Saturday, April 03, 2010


Growing up adopted by white parents, I never understood that I was Asian American, that I was racially Chinese. Instead, I was a visitor to Chinese culture. It was something to be studied and learned about. Being Asian American wasn't my identity.

In his article, Adopted Asian Americans, C. N. Le writes "many adoptive parents were open to cultural exploration, but not racial exploration -- "Asian-ness" was seen almost like a commodified culture, rather than a racial identity."

It wasn't until college when I was doing research for a paper about international adoption that I even realized there was a stereotype that Asian women are seen as exotic flowers catering to men's sexual fantasies. Didn't even really start exploring my personal views about yellow fever until I moved to Seattle.

As a child, I never explored my racial identity. When my brother and I at the skating rink or on the school bus were made fun of, I just explained it away as kids being kids, mean and stupid, focusing their insults on things that made us different. Everyone had something different to be made fun of glasses, hairdos, slanted eyes, flat noses. I was just like any other kid who had something unique about them, fuel for the insult fire. I considered my Asian features as a physical feature. I didn't understand how those Asian features gave people fuel to make stereotypical assumptions about me.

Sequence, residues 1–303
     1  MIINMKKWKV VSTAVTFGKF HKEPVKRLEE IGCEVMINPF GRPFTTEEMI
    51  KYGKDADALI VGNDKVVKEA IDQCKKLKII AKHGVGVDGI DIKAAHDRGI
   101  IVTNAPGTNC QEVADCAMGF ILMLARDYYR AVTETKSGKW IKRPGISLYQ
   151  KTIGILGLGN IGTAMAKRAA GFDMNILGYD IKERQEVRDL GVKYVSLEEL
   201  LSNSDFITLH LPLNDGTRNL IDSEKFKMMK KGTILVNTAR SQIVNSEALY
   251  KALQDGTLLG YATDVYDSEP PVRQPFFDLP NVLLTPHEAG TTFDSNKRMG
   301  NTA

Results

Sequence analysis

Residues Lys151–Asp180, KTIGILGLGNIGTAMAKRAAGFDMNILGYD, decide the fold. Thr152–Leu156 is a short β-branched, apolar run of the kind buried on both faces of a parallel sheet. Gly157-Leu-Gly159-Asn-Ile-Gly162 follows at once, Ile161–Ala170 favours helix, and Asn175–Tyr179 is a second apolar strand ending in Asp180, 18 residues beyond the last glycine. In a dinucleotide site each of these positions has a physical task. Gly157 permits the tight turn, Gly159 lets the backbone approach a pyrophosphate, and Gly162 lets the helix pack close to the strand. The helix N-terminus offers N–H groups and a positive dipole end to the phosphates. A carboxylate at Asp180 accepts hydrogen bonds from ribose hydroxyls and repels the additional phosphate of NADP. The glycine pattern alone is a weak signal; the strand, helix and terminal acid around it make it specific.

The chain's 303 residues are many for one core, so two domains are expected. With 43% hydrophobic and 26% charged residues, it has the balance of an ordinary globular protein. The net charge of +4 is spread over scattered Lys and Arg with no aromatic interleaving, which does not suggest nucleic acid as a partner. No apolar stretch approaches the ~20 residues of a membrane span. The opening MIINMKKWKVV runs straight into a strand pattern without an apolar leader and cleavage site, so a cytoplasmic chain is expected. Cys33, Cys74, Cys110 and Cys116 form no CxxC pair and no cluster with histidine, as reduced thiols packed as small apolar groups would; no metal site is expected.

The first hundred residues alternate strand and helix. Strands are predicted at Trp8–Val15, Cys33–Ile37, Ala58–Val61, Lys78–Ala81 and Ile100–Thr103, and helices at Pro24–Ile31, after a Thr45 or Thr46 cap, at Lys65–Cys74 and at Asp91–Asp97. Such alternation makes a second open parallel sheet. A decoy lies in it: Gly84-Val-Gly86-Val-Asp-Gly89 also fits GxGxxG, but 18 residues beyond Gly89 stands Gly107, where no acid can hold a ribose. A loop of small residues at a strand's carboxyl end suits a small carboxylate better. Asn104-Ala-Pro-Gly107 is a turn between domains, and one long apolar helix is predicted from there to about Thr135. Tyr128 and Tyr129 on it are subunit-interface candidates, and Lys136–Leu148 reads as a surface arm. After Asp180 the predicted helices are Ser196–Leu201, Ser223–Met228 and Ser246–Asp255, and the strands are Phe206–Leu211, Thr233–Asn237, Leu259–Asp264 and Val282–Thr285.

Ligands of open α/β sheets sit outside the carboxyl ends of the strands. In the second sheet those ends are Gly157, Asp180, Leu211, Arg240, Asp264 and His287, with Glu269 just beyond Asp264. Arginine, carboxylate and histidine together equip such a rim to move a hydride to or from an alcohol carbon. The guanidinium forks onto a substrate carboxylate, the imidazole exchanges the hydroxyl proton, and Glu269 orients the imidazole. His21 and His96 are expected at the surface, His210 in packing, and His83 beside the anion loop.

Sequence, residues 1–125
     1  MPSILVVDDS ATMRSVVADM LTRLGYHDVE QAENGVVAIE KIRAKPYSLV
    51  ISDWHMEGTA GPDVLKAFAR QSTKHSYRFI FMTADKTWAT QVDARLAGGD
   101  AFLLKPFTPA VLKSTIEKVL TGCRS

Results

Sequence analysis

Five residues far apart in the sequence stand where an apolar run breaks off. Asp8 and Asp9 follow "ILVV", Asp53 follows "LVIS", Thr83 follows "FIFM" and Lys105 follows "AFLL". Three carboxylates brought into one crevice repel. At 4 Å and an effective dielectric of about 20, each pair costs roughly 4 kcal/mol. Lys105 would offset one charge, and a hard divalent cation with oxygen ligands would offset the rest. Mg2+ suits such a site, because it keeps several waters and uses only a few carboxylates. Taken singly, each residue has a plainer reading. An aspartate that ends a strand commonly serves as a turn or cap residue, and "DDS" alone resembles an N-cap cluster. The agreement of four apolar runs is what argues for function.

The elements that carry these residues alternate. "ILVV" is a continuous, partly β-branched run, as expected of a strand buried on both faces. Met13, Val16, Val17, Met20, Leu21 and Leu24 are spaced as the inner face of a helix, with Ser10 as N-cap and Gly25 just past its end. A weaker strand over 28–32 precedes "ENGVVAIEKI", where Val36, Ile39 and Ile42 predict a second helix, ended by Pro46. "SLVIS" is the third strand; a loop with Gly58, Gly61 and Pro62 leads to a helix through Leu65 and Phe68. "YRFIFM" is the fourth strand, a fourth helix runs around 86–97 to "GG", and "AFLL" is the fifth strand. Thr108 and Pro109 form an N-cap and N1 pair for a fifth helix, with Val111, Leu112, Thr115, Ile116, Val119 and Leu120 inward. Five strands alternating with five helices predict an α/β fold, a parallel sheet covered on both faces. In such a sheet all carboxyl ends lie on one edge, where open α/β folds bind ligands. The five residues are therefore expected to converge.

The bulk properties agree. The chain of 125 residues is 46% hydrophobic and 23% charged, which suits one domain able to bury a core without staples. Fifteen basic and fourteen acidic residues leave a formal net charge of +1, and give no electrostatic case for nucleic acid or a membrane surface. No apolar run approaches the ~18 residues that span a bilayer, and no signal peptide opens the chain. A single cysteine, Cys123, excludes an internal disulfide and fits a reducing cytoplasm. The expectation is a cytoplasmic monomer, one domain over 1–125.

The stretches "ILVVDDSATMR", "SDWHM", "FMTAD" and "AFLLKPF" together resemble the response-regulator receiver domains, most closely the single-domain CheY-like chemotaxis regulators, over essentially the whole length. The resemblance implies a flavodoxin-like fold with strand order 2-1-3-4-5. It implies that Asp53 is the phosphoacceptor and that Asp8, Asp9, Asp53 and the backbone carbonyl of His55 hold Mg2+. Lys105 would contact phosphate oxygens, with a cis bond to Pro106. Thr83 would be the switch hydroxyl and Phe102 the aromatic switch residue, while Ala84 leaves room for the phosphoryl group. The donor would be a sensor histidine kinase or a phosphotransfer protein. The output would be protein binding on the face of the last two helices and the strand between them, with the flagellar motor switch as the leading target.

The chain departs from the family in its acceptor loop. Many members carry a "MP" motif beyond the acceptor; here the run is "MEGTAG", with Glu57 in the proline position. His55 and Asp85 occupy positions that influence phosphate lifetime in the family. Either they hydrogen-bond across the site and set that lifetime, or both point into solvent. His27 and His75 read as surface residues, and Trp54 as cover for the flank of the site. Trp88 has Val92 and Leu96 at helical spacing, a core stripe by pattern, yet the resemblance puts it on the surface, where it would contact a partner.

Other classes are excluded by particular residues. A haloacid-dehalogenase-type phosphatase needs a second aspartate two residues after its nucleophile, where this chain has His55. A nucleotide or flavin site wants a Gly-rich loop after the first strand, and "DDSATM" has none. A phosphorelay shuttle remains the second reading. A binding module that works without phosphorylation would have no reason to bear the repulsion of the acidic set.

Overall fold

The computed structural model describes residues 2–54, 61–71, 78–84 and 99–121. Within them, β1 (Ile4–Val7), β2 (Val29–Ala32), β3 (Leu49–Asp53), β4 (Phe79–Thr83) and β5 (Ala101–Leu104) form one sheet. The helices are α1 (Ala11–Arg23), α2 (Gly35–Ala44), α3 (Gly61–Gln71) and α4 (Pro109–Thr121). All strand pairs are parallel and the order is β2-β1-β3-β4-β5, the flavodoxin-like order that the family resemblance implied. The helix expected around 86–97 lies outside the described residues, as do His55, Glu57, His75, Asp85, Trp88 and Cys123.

As an adult I was forced to start understanding my racial identity in relation to the world, in relation to me.

Are people dating me because they have yellow fever? What are people's first impressions of me because of the color of my skin: submissive, quiet spoken, unemotional, stoic, nerdy, anti-social, socially inept? Or is it really my personality, does my personality actually re-affirm the stereotypes?

At the Tree House the other night, we talked about stereotypes.

The Chinese female students told me the following stereotypes:

Americans are very open.
Africans are strong.
Japanese women obey their husbands.
Japanese men work a lot.
Korean women are beautiful.

Chinese women are traditional, only want to find a good husband, and believe their children are always right and will defend them no matter what.

Chinese men are the responsible bread winners of the family and are required to support everyone. They are jealous and control their wives social activities forbidding them from talking and socializing with other men.

I was surprised that the stereotypes listed were not the stereotypes that Americans have about Asian people. It was eye-opening. I wonder if Chinese people make assumptions about me from their point of view about Chinese women or with a viewpoint that I am Chinese American and therefore maybe different, maybe an open traditional woman?

Then somehow we got onto the topic of gay marriage. According to the Chinese students, in America it is legal for gay people to marry. One girl explained that many Chinese people believe that a person's family, background, and social circumstances caused the person to be gay. It is not genetic. She said, "I'm trying to find the scientific evidence that it is genetic, but can't."

Conversations definitely lead to insight about a different culture.

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